Much like Greek and Roman mythology, Norse myths are still with us. Famous storytellers from JRR Tolkien to Neil Gaiman have drawn their inspiration from the long-haired, mead-drinking, marauding and pillaging Vikings. Their creator is a thirteenth-century Icelandic chieftain by the name of Snorri Sturluson. Like Homer, Snorri was a bard, writing down and embellishing the folklore and pagan legends of medieval Scandinavia. Unlike Homer, Snorri was a man of the world—a wily political power player, one of the richest men in Iceland who came close to ruling it, and even closer to betraying it… In Song of the Vikings, award-winning author Nancy Marie Brown brings Snorri Sturluson’s story to life in a richly textured narrative that draws on newly available sources.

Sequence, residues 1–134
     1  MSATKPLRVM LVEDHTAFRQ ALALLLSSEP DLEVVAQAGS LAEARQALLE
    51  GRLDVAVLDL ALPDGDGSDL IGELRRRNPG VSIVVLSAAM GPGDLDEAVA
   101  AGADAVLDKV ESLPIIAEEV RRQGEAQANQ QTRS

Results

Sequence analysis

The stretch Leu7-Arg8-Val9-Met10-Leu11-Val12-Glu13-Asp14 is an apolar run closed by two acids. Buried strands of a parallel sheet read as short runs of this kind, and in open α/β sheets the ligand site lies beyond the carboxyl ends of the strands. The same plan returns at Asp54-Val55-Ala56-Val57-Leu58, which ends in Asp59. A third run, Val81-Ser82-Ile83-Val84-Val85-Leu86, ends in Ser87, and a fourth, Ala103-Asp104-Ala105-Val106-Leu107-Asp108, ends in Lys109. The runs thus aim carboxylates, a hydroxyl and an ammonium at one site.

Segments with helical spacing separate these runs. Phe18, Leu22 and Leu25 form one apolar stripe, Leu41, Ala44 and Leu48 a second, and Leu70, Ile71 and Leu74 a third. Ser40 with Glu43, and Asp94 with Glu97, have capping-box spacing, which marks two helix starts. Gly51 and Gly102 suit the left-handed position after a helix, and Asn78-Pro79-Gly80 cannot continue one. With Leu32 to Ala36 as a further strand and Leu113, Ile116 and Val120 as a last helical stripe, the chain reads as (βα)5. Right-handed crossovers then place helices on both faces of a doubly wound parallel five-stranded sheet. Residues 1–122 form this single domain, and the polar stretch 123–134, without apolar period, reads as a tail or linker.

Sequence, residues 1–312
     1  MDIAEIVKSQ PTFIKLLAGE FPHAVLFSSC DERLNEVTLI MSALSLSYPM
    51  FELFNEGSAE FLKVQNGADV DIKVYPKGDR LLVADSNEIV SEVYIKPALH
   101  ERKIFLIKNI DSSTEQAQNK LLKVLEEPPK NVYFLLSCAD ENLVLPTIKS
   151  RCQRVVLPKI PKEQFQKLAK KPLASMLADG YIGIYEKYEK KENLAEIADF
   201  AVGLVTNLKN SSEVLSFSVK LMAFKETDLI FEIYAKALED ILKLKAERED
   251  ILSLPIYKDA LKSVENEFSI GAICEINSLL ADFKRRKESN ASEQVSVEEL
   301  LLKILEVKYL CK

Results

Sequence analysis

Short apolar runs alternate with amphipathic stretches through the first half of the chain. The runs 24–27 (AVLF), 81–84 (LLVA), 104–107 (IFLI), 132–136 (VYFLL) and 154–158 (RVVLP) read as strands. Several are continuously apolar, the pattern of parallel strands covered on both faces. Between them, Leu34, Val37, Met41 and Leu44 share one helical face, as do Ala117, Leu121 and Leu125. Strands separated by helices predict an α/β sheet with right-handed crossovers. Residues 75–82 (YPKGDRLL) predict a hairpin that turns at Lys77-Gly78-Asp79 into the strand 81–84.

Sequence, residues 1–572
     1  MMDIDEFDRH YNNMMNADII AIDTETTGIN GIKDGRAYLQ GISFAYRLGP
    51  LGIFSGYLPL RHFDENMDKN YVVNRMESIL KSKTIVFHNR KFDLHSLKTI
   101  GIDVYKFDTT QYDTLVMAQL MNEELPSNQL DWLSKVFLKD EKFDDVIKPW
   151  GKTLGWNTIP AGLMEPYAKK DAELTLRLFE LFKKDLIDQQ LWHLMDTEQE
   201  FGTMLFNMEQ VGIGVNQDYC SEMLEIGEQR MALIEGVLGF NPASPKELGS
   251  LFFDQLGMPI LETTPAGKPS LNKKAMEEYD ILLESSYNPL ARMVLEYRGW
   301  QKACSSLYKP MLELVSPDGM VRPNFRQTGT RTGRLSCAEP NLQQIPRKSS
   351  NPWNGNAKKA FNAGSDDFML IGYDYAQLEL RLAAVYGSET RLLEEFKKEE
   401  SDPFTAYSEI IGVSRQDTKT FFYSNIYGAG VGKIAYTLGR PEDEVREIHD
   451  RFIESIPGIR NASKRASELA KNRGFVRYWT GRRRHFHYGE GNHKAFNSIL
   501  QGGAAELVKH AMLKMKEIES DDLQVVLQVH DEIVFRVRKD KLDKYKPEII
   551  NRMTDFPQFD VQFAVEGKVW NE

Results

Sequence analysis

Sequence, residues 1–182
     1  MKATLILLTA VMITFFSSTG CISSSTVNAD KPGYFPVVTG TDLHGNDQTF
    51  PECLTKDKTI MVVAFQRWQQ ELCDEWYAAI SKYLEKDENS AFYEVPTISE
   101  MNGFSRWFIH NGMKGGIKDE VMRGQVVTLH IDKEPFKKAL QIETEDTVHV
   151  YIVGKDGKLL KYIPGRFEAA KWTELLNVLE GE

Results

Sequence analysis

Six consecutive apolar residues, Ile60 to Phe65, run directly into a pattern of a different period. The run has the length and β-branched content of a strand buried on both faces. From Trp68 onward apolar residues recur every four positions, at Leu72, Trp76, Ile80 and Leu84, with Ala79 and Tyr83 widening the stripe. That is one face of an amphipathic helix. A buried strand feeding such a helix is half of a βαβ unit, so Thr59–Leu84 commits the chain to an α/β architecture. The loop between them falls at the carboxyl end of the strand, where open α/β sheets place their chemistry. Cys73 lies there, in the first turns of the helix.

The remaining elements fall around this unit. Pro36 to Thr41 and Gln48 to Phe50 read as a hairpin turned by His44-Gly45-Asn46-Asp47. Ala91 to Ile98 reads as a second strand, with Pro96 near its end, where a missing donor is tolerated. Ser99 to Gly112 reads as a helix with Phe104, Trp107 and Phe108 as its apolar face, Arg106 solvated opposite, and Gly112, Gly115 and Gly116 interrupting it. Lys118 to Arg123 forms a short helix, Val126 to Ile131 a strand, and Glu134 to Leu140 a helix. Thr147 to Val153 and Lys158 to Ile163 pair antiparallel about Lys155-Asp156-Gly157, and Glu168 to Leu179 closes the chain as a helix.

Nancy Marie Brown is the author of highly-praised books of nonfiction, including The Abacus and the Cross and The Far Traveler: Voyages of a Viking Woman. She has studied Icelandic literature and culture since 1978. Formerly the editor of the award-winning magazine Research/Penn State, Brown lives in Vermont, where she keeps four Icelandic horses and an Icelandic sheepdog. She blogs at nancymariebrown.blogspot.com.